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Are we dressing appropriately for an epidemic?

Posted in Life & Love, Relationships, and Women's issues

vagendaskirtI was standing in line at my local supermarket the other day when the man behind me gasped. I looked up from the mag I was browsing, to see what had got his goat.

At the check-out till ahead of us was a young girl – bending over her groceries. Her dress had hoiked up so far, we could see where her sun doth shine.

I just shook my head – thinking, “Seriously girlfriend – at the supermarket” but then I realised she was her school uniform – and she was definitely not wearing regulation panties.

The girl was gorgeous in a Jerry Hall kind of way. Long, lean legs, tousled blonde mane, heavily mascara’d eyes. She would have looked fantastic in a flour sack. Yet here she was a sliver of a school dress. Buying chips and dip and coca cola. And flashing the shoppers.

Her outfit was no accident – she knew what she was doing. She straightened up and looked my neighbour in the eye. From across the display of biltong and chocolate. we could all see her expression: less “come on baby” – more “made you look, made you look” …

Like a child.

The man’s wife – they were both in their 70s said: “Honey, don’t stare”. And he turned away – mortified. Blushing when he realised I had watched the exchange. The woman behind them muttered: “Sis man, you’re old enough to be her granddad”.

There is so much sexual violence in our world at the moment. No country is exempt, every country has its own shame. We place the blame squarely on men. They are the perpetrators. They must stop, they must change, they must learn to control themselves. Where was this girl’s dad? I wouldn’t have made it out of the door with my bits on display – how had she gone out into the world in a dress that was hemmed so high it barely covered her lala? And a school uniform at that, something specifically designed for non-sexual purposes. I recognised the uniform: this girl goes to a school with a strict code of ethics and high expectations of their students. Someone was paying a fortune to get her educated. Someone was clearly missing the obvious.

I want to make something plain before I go any further: Rape is wrong. In any permutation, incarnation or situation. Domestic, stranger, war, spontaneous, gang, relationship, marital, date, woman, man, child, adult: rape is a crime of violence. It’s not about sex. It’s about taking power, it’s about control, and payback, and dominance and devalue. Women and girls bear the brunt of rape – we don’t have the strength of a man: as anyone who as ever had a play-fight with a guy knows only too clearly. Rape has become a weapon of war, a correction, a taking, a right.

There are places in the world where women have no protection – where armed conflict, famine, displacement, religious laws, failed governments and institutionalised misogyny have rendered women powerless. We are not those women – here we have rules of law. We have a constitution. No woman belongs to any man – no man has the right to take from a woman anything she does not wish to give. Every woman has the right to say NO. To be heard and believed. We say it again and again: “No means no, whenever it is said”. There is no confusion in that.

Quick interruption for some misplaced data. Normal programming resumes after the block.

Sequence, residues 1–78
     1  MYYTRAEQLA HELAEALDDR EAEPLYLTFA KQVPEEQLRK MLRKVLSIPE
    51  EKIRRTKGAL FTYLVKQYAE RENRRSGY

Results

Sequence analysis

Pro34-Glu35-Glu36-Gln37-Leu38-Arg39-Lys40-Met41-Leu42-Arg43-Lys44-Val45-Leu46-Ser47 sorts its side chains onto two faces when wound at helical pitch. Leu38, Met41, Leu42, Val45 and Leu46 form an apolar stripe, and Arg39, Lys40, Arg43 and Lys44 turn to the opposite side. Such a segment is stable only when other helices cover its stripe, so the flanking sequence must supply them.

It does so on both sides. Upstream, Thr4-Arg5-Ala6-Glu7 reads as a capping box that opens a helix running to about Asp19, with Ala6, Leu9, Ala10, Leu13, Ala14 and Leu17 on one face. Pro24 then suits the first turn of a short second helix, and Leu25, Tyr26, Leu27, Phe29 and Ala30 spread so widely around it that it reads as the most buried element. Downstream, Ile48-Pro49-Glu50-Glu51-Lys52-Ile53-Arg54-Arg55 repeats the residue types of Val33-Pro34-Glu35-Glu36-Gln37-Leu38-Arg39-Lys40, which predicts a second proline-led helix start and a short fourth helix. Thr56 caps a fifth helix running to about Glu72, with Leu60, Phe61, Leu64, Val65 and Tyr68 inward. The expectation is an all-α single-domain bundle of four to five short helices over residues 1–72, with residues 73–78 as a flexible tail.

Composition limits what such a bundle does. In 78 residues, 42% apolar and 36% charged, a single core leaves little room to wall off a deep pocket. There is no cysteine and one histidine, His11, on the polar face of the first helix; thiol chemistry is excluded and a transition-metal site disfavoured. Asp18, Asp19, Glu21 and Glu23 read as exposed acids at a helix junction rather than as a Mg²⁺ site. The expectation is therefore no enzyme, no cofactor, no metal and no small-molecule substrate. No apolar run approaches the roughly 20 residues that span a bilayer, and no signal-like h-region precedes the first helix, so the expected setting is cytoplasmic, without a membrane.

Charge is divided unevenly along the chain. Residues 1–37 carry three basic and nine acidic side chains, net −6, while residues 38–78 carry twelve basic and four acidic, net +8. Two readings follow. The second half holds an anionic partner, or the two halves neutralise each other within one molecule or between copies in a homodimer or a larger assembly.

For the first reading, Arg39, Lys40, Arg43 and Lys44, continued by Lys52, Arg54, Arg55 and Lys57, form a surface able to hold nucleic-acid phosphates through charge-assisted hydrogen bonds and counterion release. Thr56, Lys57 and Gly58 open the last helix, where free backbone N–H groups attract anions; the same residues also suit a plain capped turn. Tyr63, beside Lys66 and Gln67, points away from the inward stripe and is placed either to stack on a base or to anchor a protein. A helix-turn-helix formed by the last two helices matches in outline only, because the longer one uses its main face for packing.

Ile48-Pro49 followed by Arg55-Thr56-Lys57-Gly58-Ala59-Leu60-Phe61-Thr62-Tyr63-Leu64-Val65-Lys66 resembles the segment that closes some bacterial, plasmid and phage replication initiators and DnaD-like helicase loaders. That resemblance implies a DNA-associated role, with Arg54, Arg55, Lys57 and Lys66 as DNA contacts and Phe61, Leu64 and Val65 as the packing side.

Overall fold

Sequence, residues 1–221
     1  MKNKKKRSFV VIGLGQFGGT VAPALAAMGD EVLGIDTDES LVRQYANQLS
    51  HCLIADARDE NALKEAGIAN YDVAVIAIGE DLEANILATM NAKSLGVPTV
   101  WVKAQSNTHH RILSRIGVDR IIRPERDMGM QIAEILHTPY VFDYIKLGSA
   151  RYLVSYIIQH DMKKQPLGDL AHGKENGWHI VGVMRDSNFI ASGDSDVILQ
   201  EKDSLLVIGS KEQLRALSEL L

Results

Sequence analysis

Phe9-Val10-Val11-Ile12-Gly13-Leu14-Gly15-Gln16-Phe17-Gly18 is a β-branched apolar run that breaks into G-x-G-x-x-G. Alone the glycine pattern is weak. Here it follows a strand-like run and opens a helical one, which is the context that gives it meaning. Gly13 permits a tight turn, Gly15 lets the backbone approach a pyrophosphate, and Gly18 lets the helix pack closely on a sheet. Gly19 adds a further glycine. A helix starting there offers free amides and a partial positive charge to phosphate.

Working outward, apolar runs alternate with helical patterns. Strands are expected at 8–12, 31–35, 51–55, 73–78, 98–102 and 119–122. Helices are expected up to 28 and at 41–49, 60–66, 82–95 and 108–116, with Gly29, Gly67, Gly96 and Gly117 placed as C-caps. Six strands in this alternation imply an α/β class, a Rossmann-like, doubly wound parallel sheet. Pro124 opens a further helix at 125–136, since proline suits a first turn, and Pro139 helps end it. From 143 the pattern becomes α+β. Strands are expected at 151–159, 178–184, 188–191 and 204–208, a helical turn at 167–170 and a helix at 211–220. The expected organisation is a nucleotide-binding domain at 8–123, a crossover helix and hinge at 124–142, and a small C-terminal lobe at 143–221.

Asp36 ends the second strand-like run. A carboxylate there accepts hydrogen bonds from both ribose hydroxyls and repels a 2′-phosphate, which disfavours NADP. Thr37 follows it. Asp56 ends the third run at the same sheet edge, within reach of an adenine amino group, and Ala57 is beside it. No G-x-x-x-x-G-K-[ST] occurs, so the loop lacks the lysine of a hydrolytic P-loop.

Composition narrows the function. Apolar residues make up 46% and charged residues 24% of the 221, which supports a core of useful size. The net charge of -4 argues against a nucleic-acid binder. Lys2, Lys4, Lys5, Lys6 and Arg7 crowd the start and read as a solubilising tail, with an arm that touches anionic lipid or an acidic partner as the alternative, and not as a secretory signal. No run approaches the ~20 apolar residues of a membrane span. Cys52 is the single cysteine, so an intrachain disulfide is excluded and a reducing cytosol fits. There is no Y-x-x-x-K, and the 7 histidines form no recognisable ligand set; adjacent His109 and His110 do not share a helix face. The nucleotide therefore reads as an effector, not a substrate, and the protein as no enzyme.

If men still transgress we are able to pursue them to the full extent of the law.

Technically – we are as safe as we can be. Is that why we think: “now we’ve got it we must flaunt it”? Somehow we’ve moved from Emily Pankhurst through Barbarella, Germaine Greer and Women’s Lib and ended up on a stripper pole. I must have missed a few steps – how did burning our bras and sexual emancipation end in ‘getting our slut on’?

It feels like we bravely built an incredible brand: Feminism. Only to set about systematically destroying it by exerting our rights to dress inappropriately.

If we have played any part at all in creating this misconception – what should we be doing to keep ourselves and other women safer? I wonder if this girl and her friends understand that the video honeys and pole vixens of TV go home and put on their sweat pants. That they argue with their husbands and do laundry. That they have children and pets. That they don’t dress like strumpets when they go to the supermarket.

As grownups we understand their role in our sexual politics: they are fantasies. But have we passed on that information? I don’t think so – the globalisation of TV has sold those fantasies to the rest of the world as being a truth of how we live. We’ve become hos and bitches in cyberspace. We’re the Real Housewives of Miami, the Kardashians, Rhianna, the girls of the Hollywood Mansion. We say: “We are emancipated and powerful. We can wear what we want.”  We mean: “You can look – but you better not touch”.

Are we not perpetrating a violence of our own?

I know there is the flip side : if we change our behaviour and cover up – we have allowed men to win. Perhaps – but at least we will not have been harmed. In times of war one has to think strategically. And once balance is achieved – we can set about re-building.

The old man glanced up at me as we shuffled our baskets forward and I saw shame in his eyes. For one tiny little moment he had been caught in the fantasy – and we had nailed him for it.

And I wondered: how was that fair?

(Image copyright Rosea Posey.

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24 Comments

  1. n/a
    n/a

    But she is allowed to wear what she wants… She may be a slut or whatever you would like to call her, but it really is her right to dress how she wants, and frankly, she, or most people for that matter, probably don’t give a damn what you or anyone else think about what they are wearing.

    August 20, 2015